Szabó, M. & Kovats. G. (2017). Preface. Hungarian Educational Research Journal, 7(1), 5-6, DOI: 10.14413/herj.2017.01.01.
Matyas Szabo[1] & Gergely Kovats[2]
Researchers, doctoral students, policy makers and university leaders from ten countries met on 16 and 17 June 2016 in Budapest at the second conference of the Central European Higher Education Cooperation (CEHEC) project to reflect on current trends and key issues in the region’s higher education. The conference, entitled “Distinctiveness of Central and Eastern European Higher Education,” was organized and co-hosted by the Center for International Higher Education Studies (CIHES) at the Corvinus University of Budapest and the Yehuda Elkana Center for Higher Education at Central European University. The aims of the CEHEC project are multiple. First, it wishes to create a forum for sharing experiences, best practices, models and for discussing challenges, progress and possibilities of academic collaboration and policy sharing in the region’s higher education. Second, it aims to build a professional network that can provide support to relevant stakeholders in higher education. Last but not least, the series of conferences that emerged from this cooperation seek to provide more visibility of Central and Eastern Europe in the global higher education landscape and recreate the attractiveness the region had in the 1990s for researchers and policy makers.
Conference participants debated whether certain topics and issues are particular to the region’s higher education and brought a local perspective to the major debates in contemporary higher education. Some of the invited keynote speakers represented higher education systems from outside the region and brought an external, comparative perspective to current topics in Central and Eastern Europe. Jonathan R. Cole, former provost of Columbia University and member of the CEU Board of Trustees, who opened the conference with his key note speech, discussed the future of research universities in the US and also launched his latest book “Toward a More Perfect University” at the conference.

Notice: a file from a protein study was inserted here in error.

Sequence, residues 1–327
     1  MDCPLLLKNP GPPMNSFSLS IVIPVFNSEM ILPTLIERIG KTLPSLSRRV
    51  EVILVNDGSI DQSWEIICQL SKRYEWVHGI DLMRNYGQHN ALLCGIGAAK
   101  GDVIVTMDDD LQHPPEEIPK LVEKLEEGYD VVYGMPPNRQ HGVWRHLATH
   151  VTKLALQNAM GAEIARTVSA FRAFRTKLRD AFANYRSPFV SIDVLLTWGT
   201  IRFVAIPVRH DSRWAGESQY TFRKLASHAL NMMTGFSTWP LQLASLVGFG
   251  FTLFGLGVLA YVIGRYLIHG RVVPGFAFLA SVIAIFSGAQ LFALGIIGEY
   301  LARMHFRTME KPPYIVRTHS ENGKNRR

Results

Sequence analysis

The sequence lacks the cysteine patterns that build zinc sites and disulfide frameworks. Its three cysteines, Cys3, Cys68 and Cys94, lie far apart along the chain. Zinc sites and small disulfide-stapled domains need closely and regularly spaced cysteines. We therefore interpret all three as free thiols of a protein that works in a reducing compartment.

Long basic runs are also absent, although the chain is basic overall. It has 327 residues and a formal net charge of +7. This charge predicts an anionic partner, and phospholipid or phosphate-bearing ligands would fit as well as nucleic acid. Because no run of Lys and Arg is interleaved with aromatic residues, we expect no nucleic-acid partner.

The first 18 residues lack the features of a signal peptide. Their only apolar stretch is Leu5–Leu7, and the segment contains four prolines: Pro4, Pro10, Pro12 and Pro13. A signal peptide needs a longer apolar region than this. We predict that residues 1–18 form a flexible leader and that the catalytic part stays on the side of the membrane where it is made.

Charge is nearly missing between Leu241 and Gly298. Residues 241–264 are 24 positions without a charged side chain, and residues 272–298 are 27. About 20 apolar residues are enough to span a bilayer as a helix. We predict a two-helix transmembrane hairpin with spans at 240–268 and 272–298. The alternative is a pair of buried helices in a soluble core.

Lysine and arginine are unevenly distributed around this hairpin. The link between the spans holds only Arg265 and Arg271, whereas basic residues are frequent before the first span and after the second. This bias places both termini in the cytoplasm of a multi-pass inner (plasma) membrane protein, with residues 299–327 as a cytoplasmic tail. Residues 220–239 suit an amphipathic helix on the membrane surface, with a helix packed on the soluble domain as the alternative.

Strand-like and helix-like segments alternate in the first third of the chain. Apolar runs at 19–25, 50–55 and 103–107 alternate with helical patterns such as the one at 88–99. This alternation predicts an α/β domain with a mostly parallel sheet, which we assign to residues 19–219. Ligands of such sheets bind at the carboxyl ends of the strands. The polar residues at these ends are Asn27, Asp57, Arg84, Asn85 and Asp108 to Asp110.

The five articles published in this special edition of HERJ can be considered as a thematically and geographically representative cross-section of the scholarly and professional dialogue stimulated by the 18 papers presented at the conference. Whether focusing on a specific country - Hungary, Romania, Georgia – or on a region - such as the Visegrad Four countries - these papers address problems that carry an important significance beyond the immediate location where they were researched.
The authors employed a variety of research methodologies and approaches – rooted in disciplines ranging from sociology to economics – that show the truly interdisciplinary character of higher education studies. The collection includes papers that are based on empirical studies carried out by their authors, some relying on existing broader secondary statistical data, while others used primary data collected for specific research purposes.
The issues addressed in the papers - changes in national higher education systems, social changes triggered by the massification of higher education, predictors of adult skill proficiency, models of local community colleges, and policy perspectives on student success and dropout – although analyzed and presented as part of distinct case studies, are topics of interest to many scholars or professionals concerned with the major debates in contemporary higher education.
[1] Central European University, Budapest (Hungary), Email address:
[2] Corvinus University of Budapest (Hungary), Email address: